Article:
In a recent interview with Famitsu, Square Enix's Hiromichi Tanaka discussed in depth just how fully Final Fantasy III DS is being remade over its NES version. While it has been known since Nintendo's DS conference that the game's graphics would be overhauled to 3D, Tanaka revealed that it isn't just the graphics that will be modified, but also the story, characters, and gameplay.
Tanaka, who serves as executive producer on Final Fantasy III DS and was also one of the three planners on the original Final Fantasy III, remarked that the original game was very advanced for the NES, and so he wants to maintain that advanced feel on the DS by giving players a much greater gaming experience.
The original Final Fantasy III starred four nameless, interchangable Onion Kids with identical sprites and lacking distinct personalities. By contrast, the Nintendo DS remake will develop the characters into unique individuals, each with their own character designs and sprites, and with newly developed identities and personalities that will tie into the story of the game, which is accordingly being further fleshed out.
As to Final Fantasy III DS's gameplay, Tanaka commented that his staff is adjusting the balance of the job system to add greater usability to some classes, which will ultimately allow players greater choices in how they play the game. Additionally, Tanaka wants to utilize the unique abilities of the Nintendo DS, and so the touch screen capabilities will be fully integrated into the game. While it won't be necessary, gamers will have the option of playing Final Fantasy III DS entirely through touch controls. Tanaka is also planning on adding some use of the DS's wireless connectivity for some side bonuses outside of the game's main story.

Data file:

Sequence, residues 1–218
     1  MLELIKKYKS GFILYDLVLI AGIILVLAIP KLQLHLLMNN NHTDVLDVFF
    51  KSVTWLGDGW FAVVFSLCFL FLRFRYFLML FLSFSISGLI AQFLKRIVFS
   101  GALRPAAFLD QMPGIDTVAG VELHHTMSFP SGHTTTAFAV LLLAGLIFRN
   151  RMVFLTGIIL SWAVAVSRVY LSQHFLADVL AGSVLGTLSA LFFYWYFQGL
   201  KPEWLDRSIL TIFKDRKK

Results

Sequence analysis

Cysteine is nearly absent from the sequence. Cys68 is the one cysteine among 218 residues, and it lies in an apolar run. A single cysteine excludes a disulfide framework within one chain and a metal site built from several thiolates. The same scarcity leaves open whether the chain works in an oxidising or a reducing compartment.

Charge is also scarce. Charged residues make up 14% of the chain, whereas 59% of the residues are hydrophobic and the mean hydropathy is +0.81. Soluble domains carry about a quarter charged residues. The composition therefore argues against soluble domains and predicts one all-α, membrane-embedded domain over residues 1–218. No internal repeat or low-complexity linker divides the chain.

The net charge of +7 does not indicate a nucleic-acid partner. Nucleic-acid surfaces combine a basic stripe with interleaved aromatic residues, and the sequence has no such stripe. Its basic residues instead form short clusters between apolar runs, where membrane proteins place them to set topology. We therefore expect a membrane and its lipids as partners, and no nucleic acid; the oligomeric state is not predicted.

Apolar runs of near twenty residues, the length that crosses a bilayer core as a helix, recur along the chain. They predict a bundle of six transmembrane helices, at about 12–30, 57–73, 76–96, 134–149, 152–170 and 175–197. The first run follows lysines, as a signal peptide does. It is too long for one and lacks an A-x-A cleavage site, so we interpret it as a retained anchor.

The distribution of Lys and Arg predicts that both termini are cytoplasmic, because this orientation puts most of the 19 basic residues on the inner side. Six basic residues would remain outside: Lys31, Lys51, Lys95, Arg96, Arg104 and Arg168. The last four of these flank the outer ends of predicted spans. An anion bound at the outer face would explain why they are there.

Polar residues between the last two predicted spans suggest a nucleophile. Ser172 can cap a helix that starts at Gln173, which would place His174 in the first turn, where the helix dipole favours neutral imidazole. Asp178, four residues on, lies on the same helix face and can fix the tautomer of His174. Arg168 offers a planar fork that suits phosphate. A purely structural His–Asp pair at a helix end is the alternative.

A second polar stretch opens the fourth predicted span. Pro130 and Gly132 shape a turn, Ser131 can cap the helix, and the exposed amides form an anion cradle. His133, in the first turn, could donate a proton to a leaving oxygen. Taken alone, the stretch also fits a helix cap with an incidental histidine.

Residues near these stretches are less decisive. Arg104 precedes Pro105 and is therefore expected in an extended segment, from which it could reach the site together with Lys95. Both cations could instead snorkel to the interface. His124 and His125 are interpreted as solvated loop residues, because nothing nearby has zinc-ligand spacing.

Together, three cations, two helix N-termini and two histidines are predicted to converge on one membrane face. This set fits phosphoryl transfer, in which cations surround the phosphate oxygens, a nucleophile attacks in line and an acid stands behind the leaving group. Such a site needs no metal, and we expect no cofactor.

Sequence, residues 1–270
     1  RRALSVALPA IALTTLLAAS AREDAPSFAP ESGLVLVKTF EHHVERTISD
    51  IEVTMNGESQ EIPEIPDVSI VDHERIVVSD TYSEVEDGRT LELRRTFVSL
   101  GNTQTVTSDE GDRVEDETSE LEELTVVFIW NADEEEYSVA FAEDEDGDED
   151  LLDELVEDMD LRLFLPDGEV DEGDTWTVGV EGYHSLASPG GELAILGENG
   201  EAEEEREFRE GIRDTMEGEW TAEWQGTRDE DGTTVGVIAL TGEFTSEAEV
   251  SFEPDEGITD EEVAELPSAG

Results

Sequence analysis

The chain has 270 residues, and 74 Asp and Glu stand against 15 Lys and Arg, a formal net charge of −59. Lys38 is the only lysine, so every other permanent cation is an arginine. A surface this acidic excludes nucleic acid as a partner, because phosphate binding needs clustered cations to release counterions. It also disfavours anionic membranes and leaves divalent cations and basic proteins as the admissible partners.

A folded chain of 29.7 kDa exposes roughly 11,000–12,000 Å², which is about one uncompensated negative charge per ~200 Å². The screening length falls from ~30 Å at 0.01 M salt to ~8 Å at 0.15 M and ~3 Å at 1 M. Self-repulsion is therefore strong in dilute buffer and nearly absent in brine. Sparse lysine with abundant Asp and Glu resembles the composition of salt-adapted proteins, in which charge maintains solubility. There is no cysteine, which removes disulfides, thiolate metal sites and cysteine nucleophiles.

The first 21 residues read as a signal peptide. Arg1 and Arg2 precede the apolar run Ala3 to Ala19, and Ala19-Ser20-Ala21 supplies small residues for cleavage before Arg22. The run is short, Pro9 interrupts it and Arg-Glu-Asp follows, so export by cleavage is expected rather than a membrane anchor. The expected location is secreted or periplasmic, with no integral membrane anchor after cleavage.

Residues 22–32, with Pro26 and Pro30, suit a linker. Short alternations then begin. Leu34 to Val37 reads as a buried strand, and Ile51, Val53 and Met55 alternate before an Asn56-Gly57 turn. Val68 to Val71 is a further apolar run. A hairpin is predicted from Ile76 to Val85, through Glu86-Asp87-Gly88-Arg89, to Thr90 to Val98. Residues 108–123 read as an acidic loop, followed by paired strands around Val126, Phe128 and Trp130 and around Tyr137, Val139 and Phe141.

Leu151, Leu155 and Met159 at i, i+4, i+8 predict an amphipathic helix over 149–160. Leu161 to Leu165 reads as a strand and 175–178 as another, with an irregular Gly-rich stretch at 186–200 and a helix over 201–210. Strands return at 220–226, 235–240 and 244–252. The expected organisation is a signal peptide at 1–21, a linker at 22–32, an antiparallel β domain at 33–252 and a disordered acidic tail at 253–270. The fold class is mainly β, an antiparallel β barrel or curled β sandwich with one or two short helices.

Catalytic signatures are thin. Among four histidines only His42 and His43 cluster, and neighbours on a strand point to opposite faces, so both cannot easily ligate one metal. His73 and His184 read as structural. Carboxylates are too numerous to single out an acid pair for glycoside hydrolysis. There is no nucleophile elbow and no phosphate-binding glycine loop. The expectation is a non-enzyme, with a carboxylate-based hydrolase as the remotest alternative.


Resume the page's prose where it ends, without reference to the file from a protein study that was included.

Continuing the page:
Final Fantasy III DS currently has no Japanese release date, nor has a North American localization been announced. Final Fantasy III is the sole remaining numbered Final Fantasy game to never see a release across the Pacific, though, so gamers who have long been eager to see this particular game in action should keep their fingers crossed.